The future is unpredictable, but we know that it is going to change dramatically, futurist and keynote speaker Ross Dawson said during his “Leadership for the Future of Work” lecture at the Charles B. Wang Center on Monday, Oct. 23.
Dawson, the author of multiple books about human networks including “Living Networks,” said the structures, disciplines, organizations and types of work will change greatly in the future.
“Whatever we prepare ourselves for now, we have to be prepared for that to change again,” Dawson said. “So, adaptability needs to be something that we instill in our children, universities and educational institutions.” He said the fundamental differences between humans and machines are going to play an important role in redesigning future works, where humans’ unique capabilities play roles that are complementary to machines, and vice versa.
“Every single job, including that of a CEO can be partially automated; there’s almost no jobs that can be fully automated,” he said. Dawson predicted that we will have a better understanding of ourselves in the coming decades through the power of technology, including the ability to shape ourselves through genetic engineering and human augmentation, which is the overcoming of human limitations through technology. “We’re moving closer and closer [to a point] where we will not be able to discern between humans and machines,” Dawson said. He added though, that, “machines are forcing us to be more human than ever before.”
“The prospects are exciting,” Manuel London, dean of the College of Business, said in an email. “Mr. Dawson highlighted the value of a college degree to prepare for a career, or indeed more than one career, that will require continuous learning.”
Humans, and especially organizations, need to recognize the potential of individuals, develop that potential and draw out people’s fullest humanity in terms of capabilities, creativity and relationships, Dawson said. Having a deep understanding of knowledge within a given context is a unique human capability that machines cannot emulate. Creativity and imagination are also intrinsically human. “This applies to certainly, very obviously, the arts and humanities, but I would argue that science is a deeply creative domain,” Dawson said. “In order to be able to, not just know which directions to push, but how to be able to find a new possibility, make the connections, discover new ways of thinking about the world which we live in… these are all deeply creative domains.”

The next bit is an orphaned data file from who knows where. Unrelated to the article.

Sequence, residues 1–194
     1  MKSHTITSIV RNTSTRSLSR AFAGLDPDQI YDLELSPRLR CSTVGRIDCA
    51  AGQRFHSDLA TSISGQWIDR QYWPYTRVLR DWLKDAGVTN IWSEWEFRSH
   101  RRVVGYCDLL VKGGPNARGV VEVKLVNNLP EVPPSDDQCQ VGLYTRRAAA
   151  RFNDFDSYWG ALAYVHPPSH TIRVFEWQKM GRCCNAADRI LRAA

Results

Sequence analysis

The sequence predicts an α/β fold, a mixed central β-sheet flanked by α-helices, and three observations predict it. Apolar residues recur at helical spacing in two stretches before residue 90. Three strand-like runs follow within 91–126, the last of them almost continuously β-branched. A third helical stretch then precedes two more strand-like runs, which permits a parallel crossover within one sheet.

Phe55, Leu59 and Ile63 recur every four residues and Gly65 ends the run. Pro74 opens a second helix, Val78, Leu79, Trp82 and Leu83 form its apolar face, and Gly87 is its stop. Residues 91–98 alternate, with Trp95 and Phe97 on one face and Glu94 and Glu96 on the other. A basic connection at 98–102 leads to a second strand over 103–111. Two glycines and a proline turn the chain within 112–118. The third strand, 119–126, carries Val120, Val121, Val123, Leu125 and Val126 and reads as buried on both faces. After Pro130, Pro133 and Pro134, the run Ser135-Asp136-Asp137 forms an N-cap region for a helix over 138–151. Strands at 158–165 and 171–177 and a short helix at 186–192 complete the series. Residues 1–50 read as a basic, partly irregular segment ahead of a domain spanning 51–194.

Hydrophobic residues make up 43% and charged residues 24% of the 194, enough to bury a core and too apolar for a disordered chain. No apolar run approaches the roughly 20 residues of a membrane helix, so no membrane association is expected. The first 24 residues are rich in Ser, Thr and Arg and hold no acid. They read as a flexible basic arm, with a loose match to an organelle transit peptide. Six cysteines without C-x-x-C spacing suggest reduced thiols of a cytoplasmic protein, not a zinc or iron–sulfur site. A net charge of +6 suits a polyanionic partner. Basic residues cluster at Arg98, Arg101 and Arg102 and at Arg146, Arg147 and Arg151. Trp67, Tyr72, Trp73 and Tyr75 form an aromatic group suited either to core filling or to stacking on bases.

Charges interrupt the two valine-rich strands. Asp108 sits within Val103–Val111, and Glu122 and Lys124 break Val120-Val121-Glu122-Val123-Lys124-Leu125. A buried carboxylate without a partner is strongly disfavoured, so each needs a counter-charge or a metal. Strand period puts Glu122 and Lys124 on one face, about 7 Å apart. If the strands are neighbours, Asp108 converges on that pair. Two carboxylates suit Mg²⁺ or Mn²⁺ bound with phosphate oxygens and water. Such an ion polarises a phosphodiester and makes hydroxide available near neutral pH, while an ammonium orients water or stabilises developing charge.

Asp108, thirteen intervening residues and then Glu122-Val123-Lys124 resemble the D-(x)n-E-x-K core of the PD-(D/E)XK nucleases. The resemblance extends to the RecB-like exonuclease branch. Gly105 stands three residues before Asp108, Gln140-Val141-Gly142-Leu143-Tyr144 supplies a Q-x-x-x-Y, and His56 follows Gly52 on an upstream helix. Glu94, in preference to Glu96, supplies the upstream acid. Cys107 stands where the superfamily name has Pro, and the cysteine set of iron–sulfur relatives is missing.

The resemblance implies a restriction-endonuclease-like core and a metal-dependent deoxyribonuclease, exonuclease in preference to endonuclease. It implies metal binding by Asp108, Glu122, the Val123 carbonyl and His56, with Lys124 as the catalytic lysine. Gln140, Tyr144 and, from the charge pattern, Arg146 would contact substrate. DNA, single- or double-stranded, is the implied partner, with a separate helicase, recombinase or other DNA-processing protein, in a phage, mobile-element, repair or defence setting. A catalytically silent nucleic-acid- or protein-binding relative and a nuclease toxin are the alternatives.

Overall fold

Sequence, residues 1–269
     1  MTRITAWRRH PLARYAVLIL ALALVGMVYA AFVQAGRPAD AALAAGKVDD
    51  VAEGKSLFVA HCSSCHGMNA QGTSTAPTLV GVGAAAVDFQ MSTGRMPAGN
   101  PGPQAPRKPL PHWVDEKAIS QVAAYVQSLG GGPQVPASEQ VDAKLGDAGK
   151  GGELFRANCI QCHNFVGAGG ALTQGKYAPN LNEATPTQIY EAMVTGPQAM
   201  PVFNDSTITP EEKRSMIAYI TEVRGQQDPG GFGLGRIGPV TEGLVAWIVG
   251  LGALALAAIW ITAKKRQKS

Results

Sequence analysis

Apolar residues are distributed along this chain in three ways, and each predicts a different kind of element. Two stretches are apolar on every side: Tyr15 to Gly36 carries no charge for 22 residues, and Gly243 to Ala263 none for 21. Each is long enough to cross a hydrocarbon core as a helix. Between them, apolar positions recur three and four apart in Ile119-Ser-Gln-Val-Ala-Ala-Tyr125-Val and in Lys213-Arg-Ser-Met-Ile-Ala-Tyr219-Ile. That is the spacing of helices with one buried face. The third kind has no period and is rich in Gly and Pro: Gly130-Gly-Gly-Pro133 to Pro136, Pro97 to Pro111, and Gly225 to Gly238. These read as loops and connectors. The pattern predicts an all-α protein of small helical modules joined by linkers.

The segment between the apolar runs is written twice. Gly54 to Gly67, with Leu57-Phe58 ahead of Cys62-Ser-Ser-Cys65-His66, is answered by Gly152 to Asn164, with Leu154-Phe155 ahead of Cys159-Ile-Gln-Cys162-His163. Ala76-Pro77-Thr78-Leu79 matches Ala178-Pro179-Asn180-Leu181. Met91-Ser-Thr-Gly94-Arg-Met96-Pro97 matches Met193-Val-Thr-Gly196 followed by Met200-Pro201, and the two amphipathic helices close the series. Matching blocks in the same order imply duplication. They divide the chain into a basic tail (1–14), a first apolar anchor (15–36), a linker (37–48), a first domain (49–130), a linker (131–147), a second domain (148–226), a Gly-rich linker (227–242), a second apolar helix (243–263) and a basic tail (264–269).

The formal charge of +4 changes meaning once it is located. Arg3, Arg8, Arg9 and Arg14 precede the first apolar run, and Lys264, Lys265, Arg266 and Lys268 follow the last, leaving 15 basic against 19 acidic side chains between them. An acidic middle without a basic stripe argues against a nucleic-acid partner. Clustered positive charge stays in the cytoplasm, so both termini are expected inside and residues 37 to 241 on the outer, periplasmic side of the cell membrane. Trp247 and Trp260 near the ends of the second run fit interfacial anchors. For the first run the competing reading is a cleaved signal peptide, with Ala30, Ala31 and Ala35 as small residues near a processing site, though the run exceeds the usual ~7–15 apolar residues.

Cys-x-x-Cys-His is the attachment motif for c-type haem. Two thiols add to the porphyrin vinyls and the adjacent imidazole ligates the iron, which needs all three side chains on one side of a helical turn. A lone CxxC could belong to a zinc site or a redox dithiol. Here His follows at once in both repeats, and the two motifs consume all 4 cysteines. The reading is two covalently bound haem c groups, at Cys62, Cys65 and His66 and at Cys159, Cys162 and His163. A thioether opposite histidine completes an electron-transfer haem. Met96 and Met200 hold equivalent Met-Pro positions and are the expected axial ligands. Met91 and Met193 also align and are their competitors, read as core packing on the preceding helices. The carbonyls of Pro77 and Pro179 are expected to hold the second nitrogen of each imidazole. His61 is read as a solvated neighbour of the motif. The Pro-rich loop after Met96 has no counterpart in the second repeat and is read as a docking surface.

Dawson also noted the role crowdsourcing platforms like Topcoder and Stack Exchange play in peer learning and social learning. Through these platforms, which focus on contests and question-and-answer formats in computer programming, people can learn how to be experts and be seen by the nature of their work. The ability to learn, is a fundamental capability, Dawson said. “[The] less people can learn, they will not be able to succeed.”
Vice President for Communications and Marketing and Chief Communications Officer Nicholas Scibetta has worked with Dawson for many years. “Universities or higher education are really in this interesting time of how are we, as Ross said, how are we helping students to be prepared to go into a very complicated and fractured work environment,” he said.
“Folks were very interested in hearing his view on that, as a global futurist; what did he think we needed to be paying attention to as we move forward,” Scibetta said. “Not only as a university, but just as individuals and as humans.”
Dawson said one of the skills needed in the future is design. Designing interfaces between technologies and humans, making sense of the data collected to support decisions and understanding human emotions is all crucial, he said. He gave the example of the increasing demand for personal trainers. “If a robot tells you to do another 10 push-ups, you’re not going to do that,” Dawson said. “Whereas, if someone you have emotional engagement [with] tells you that, you’re going to… respond to that.”
Linda Meise, a retiree from Riverhead, said Dawson’s lecture was “equally inspiring and terrifying.”
“I hope that humanity rises above its current level of discord and small-mindedness,” she said.
In a Pew Research Center study, which Dawson cited during his lecture, experts were asked whether Al and robotics would create more jobs than it would destroy. Of those who participated, 52 percent envisioned a future where more jobs are created than lost, whereas 48 percent envisioned more jobs lost than created. Dawson said both of these possibilities are equally tangible, where the future of work may follow a negative trend or a positive one. But he remains hopeful.
He said he believes that if we do the right things, we will be able to “create a more positive future for work and society in the face of extraordinary technological change… It is our choice.”